Mid-year budget must restore hope

BY: Graphic Business
Ken Ofori-Atta — Minister of Finance

The Minister of Finance, Ken Ofori-Atta, will tomorrow appear before Parliament to address the country on how the economy has performed in the first half of the year and the projections for the coming months.

The minister will do so when he presents the Mid-Year Review of the Budget Statement and Economic Policy of the Government and Supplementary Estimate for the 2022 financial year in pursuant of the Public Financial Management Act, 2016 (Act 921).

The fiscal policy measures which were captured in the 2022 budget to generate more revenues and undertake transformational projects have so far performed below expectation.

The measures were expected to help generate about GH¢100.52 billion by the end of the year but the first quarter results which have been released indicate that only GH¢16.71 billion had been raised, less than a quarter of the projected revenues.

The Electronic Transactions Levy (E-Levy), for instance, which was expected to rake in some GH¢4.5 billion, has not performed to expectation due to delays in the passage of the bill and other challenges.

Aside from the pronouncements on the revenue and expenditure side, the minister is also expected to make his first public comments on the government’s decision to officially reach out to the International Monetary Fund (IMF) for support.

Like many other members of the public, the Graphic Business is expecting the Finance Minister to use the opportunity to announce more pragmatic measures to raise revenue.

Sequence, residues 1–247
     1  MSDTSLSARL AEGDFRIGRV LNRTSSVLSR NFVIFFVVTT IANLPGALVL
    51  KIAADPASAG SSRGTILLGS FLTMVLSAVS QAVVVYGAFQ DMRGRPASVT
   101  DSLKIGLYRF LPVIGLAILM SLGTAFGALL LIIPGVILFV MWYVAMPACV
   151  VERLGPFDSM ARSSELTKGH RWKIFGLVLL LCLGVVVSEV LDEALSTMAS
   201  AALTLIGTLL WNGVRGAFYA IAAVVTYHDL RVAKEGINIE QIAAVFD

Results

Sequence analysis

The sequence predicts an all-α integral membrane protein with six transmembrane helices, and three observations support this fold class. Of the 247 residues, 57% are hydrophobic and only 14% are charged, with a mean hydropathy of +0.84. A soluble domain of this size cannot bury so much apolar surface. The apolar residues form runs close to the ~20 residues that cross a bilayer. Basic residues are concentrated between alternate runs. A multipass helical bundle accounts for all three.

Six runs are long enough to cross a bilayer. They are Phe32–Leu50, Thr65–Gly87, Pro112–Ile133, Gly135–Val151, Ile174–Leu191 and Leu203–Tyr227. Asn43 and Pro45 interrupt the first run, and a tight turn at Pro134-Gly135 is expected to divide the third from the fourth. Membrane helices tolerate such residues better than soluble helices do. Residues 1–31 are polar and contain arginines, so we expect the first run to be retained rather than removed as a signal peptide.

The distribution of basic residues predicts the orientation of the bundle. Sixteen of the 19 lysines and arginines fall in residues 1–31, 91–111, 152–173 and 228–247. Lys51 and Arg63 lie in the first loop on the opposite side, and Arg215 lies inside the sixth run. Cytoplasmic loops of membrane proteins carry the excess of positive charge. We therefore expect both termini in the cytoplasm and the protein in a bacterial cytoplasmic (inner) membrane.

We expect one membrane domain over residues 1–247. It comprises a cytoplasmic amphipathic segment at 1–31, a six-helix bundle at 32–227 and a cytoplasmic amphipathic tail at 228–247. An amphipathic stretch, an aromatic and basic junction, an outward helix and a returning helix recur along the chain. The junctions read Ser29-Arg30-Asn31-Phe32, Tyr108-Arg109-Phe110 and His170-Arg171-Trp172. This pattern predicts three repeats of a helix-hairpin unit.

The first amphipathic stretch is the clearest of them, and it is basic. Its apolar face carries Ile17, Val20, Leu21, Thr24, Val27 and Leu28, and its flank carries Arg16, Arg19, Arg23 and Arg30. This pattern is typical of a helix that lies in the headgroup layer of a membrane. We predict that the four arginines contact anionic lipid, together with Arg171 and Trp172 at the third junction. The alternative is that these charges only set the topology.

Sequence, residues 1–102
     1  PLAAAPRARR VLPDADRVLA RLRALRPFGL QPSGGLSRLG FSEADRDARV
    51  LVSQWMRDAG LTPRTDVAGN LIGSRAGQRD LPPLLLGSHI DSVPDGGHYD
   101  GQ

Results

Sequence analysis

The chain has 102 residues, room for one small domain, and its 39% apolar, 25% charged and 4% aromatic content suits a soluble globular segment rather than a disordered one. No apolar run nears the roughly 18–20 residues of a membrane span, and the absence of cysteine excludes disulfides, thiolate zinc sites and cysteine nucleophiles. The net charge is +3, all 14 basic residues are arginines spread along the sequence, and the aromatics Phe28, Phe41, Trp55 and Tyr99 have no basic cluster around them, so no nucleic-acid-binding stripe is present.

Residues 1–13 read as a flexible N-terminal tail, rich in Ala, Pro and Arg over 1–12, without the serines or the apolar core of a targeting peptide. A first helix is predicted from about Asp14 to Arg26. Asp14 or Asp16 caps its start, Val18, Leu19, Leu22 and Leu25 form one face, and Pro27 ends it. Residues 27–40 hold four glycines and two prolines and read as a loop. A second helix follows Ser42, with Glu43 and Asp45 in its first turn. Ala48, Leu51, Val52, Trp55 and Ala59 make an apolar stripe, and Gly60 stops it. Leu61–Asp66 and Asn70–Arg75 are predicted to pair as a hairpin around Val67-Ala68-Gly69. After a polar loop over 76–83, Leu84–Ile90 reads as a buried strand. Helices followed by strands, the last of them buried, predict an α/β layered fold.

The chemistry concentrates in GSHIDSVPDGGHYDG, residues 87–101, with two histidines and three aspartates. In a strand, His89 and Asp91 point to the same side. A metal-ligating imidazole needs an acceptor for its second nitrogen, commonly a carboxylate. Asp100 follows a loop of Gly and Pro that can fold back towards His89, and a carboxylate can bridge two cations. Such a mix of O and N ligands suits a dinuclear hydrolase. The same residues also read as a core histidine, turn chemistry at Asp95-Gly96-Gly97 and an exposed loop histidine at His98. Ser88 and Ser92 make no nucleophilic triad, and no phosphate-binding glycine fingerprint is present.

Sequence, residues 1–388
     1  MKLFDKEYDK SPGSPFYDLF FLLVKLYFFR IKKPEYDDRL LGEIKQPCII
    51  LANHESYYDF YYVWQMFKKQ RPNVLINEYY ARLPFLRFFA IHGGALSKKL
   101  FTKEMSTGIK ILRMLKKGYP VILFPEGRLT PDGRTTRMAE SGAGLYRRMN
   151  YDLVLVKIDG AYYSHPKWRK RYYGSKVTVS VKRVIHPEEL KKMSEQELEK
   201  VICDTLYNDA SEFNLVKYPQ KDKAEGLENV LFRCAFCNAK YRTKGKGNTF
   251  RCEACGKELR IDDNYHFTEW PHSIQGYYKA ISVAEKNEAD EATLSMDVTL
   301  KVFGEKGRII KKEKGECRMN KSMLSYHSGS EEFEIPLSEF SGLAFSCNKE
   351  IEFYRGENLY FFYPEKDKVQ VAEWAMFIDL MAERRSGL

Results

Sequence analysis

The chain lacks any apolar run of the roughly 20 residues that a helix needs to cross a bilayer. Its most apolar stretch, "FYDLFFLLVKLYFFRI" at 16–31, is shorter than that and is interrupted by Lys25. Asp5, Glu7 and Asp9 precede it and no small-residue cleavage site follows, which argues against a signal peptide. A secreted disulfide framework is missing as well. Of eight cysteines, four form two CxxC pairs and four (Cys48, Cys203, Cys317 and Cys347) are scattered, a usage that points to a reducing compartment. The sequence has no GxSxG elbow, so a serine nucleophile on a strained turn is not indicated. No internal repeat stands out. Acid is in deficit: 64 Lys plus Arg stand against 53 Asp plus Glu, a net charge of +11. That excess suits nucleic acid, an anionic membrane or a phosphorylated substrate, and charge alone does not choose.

For instance, we expect him to forcefully push for the passage of the Tax Exemptions Bill in the next few months to help save the country billions of Ghana cedis to shore up its revenue.

At a time when revenue projections have fallen below target, we must leave no stone unturned in ensuring that all the loopholes that deny the state its due are blocked.

We also do not expect the government to announce new tax measures or increase taxes because that will be another avenue for more strikes by labour which will demand to be cushioned because of the high cost of living.

Instead, we want to prevail on the government to ensure that those who are not in the tax net are roped in. This means that there must be a deliberate and a more pragmatic effort to widen the tax net in a manner that ropes in those who do not pay at all.

For instance, there are many businesses that operate only after working hours of the Ghana Revenue Authority (GRA). The tax collecting authority should be able to deploy staff to such businesses to collect taxes because they make huge sums on money as profit and must be able to honour their obligations to the state.

In the last couple of weeks, there have been a lot of strike actions on the labour front, particularly within the teacher unions. They are demanding an additional 20 per cent of what they describe as ‘Cost of Living Allowance (COLA).

It is clear that the demands will increase the government’s already bloated expenditure and make an already bad situation worse. From their arguments, it is clear that the government and its appointees are living a comfortable life and, therefore, they should also be considered.

In a show of solidarity, the President announced that there has been a drastic cut in the salaries and allowances of his appointees in a show of commitment to reduce public expenditure.

For us at the Graphic Business, we expect the Finance Minister to use the opportunity tomorrow to present to the people a comprehensive report of the savings made from those measures.

This will allow teachers to trust in the policies and perhaps soften their stance and return to the classrooms. It will also help restore confidence in the public, particularly other labour unions to soften their stance regarding demands for increased remuneration.